The Court of Appeal recently heard the latest case of an IFA seeking to challenge the refusal of the Financial Ombudsman Service to apply the 15-year long stop.
In this case, the IFA also raised some other novel arguments challenging the authority of the FOS.
As always seems to be the case, the FOS emerged victorious and, on first impressions, relatively unscathed. Closer examination of the judgment, however, may reveal a chink in the FOS’s armour that firms will look to exploit in future when similar complaints are heard by FOS.
Bamber and BP Financial Services was a partnership of financial advisers regulated first by Fimbra from 1989, then by the PIA and finally by the FSA from December 2001. The partnership went through various phases, with partners leaving and the partnership dissolving and reforming with the remaining partners on at least two separate occasions. The partnership finally dissolved once and for all when the business was incorporated.
Advice was given on an endowment policy in April 1989. The clients first complained to the firm in July 2004 (over 15 years later). By the time the matter got to the Court of Appeal, it did not appear to be disputed that the original Fimbra firm was regarded, for regulatory purposes, as continuing throughout the various reincarnations of the partnership – potentially giving the FOS the ability to consider the complaint in question.
Under the Fimbra arbitration scheme, the maximum award was £50,000. Once the firm joined the PIA, the PIA Ombudsman could then consider complaints arising out of business conducted by the firm while a Fimbra member but could award up to £100,000. Crucially, both such schemes were bound by the law, so, in order to succeed, the complainant had to show negligence that had caused damage – the 15-year long stop also applied. The FOS, on the other hand, is bound only to determine complaints “by reference to what is, in the opinion of the ombudsman, fair and reasonable in all the circumstances of the case”.
You do not have to be a lawyer to note the broad discretion given to the FOS by such a woolly phrase.
Bamber sought to challenge the FOS on three fronts:- that the FOS was bound to apply the 15-year long stop;- that, in deciding what is “fair and reasonable” in this case, the FOS was bound to apply all the rules of the former Fimbra and PIA schemes and a failure to do so by the FOS was an “abuse of power and legitimate expectation”; and- that the FOS was not genuinely independent of the FSA despite the Financial Services and Markets Act specifically providing for the FOS’s independence.
Bamber failed to persuade the court that the FOS was bound to apply the 15-year long stop. This is no great surprise – the FSMA specifically provides that the FSA must make rules setting out the time limits within which cases must be brought and the court adopted the now well rehearsed argument that if the FSMA had intended for the FOS to be bound by the 15-year long stop, it could have said so. The fact that it did not and that it gave the FSA power to make its own rules on time-barring gives the FSA the discretion not to apply the 15-year rule.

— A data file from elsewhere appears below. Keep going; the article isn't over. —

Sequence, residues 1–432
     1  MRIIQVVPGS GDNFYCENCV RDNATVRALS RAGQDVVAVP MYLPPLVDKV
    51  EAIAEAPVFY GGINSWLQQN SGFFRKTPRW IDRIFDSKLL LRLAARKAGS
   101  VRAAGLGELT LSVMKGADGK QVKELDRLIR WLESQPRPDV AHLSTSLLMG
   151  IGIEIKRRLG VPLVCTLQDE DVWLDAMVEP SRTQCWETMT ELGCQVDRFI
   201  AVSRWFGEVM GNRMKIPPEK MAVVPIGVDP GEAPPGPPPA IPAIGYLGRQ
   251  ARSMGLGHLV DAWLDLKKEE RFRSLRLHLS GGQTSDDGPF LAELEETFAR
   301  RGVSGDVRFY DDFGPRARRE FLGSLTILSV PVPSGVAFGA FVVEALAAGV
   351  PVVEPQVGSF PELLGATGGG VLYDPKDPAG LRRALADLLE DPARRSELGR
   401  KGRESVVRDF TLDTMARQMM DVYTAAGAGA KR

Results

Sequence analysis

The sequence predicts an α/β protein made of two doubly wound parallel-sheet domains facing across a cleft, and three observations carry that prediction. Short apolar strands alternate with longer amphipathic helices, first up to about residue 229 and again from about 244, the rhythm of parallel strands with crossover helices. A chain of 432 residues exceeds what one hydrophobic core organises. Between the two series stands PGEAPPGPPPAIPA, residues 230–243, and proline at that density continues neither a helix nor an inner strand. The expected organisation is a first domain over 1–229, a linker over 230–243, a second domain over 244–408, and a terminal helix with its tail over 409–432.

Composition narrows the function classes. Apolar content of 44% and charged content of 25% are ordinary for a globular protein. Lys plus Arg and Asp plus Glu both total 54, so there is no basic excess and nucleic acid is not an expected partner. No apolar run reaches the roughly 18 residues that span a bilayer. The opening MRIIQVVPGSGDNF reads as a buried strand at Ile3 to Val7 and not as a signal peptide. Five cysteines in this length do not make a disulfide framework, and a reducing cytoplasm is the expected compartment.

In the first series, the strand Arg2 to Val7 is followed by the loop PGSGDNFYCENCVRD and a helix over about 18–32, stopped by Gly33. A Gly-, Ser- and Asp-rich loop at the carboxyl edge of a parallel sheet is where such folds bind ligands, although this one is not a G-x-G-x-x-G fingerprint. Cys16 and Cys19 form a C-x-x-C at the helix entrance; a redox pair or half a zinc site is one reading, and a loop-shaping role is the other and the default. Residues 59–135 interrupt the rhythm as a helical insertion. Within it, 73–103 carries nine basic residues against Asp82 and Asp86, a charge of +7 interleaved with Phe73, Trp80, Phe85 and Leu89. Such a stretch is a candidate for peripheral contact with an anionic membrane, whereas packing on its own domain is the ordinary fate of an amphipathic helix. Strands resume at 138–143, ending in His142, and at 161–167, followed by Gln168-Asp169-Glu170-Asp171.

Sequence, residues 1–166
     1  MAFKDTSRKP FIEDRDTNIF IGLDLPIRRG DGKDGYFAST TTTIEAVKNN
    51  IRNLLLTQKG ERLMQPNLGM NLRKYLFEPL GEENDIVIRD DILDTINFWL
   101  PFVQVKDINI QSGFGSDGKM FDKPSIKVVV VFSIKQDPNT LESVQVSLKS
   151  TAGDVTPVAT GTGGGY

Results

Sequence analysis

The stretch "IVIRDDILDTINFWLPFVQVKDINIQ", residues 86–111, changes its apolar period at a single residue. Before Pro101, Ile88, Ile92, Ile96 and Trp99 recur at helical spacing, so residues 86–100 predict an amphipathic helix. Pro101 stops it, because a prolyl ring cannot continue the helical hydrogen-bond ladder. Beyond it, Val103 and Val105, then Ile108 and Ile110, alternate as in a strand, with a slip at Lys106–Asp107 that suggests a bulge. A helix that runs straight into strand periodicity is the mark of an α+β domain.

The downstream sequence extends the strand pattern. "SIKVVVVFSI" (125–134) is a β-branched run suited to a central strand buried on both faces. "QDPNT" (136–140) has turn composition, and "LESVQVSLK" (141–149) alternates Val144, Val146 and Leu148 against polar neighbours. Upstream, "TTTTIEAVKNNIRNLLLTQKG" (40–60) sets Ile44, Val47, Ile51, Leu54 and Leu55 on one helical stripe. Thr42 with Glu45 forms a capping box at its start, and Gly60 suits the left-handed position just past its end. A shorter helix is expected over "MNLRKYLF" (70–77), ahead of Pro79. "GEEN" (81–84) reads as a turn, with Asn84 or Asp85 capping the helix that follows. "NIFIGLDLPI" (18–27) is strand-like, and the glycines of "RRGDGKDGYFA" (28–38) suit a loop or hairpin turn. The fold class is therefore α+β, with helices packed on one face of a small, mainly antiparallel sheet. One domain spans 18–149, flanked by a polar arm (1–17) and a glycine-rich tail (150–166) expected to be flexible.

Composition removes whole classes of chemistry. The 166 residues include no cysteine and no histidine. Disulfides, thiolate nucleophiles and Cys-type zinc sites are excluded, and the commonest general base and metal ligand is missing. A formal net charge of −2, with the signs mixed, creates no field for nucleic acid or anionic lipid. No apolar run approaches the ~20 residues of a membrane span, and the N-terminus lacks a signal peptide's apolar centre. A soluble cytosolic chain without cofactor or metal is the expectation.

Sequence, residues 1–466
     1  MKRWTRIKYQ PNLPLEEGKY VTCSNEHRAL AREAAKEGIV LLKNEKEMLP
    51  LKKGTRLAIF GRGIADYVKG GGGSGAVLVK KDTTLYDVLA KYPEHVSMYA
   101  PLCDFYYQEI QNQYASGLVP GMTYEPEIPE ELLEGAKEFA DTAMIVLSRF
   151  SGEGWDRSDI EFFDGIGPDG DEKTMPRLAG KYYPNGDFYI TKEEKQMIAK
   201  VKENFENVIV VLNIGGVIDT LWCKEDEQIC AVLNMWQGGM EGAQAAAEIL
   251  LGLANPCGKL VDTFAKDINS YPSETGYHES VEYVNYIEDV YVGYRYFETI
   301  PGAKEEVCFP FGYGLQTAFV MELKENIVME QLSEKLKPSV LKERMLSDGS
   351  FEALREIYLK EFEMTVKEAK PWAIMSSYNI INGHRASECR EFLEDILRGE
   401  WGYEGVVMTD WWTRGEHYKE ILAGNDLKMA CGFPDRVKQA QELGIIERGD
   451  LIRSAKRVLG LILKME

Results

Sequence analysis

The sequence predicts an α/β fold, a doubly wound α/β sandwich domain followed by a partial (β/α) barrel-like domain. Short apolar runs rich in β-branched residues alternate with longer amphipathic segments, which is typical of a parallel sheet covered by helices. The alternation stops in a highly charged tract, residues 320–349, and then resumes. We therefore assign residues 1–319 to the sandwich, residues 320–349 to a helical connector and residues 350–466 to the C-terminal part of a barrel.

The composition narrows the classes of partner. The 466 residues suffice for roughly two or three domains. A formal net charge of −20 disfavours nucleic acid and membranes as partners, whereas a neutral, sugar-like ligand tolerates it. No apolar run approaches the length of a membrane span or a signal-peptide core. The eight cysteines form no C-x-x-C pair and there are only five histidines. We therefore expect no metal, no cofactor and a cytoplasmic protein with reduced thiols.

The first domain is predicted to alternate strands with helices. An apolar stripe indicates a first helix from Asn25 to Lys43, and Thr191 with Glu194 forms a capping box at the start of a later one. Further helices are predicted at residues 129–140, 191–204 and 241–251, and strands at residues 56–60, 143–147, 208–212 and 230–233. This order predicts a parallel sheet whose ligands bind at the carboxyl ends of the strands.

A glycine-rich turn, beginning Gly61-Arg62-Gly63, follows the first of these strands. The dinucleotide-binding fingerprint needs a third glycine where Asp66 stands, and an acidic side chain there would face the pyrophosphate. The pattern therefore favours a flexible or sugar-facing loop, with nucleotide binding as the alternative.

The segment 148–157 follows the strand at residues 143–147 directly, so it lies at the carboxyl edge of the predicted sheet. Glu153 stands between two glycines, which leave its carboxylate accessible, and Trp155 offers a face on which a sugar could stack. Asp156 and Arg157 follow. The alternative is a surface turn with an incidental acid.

It is difficult to dispute that position. It is clearly unfair that IFAs are the only group excluded from the protection given by the 15-year long stop and that inherent unfairness may itself be capable of challenge as being inconsistent with the European Convention on Human Rights. Challenging the way that the FSA has applied the FSMA to create its own time-barring rules, as in this case, is, however, unlikely to succeed.
This is where the decision is most interesting. Under the relevant legislation, when determining complaints about advice given before December 2001, the FOS is bound to “take into account what determination the former ombudsman might have been expected to reach, and what amount (if any) might have been expected to be awarded”.
It was not dealt with in detail in the judgment but it appears that the court did not consider that this duty stretched to the FOS or the FSA applying the 15-year long stop (as the former schemes would have done), possibly because the FSMA specifically makes alternative provision in this area.
What the court did say is that when the FOS goes on to make a decision on the merits of this case, it must be able to demonstrate that it has complied with the duty above to take account of what the former scheme would have done. The court went on to say that if the FOS fails to do this, the “decision would be liable to be quashed in any judicial review”.
This will have IFAs (and their lawyers) licking their lips. I would also bet that the FOS is frantically seeking its own legal advice on exactly what it has to do to satisfy this duty and avoid the possibility of a judicial review of this or a similar decision. Does it have to make exactly the same decision as the former scheme would have made? If not, how far can it safely deviate from that decision? This could be a minefield and raises a genuine possibility that FOS discretion could be curbed in pre-2001 cases – watch this space.
On a practical note, firms should now consider asking the FOS to demonstrate how it has complied with its duty to consider what the former scheme would have done in all pre-2001 cases.
The court dismissed this point as having little merit. This is again unsurprising as it was speculative at best. The court paid particular regard to the fact that FOS decisions were subject to judicial review, which goes some way to ensuring the FOS’s independence by providing a means to challenge those decisions.
Although on the surface, this decision changes little, its impact may be fully felt when a further challenge is made against an FOS decision on the merits of a complaint, in this or another pre-2001 case. The door may have been left ajar by this decision – it now needs someone to push harder to open it.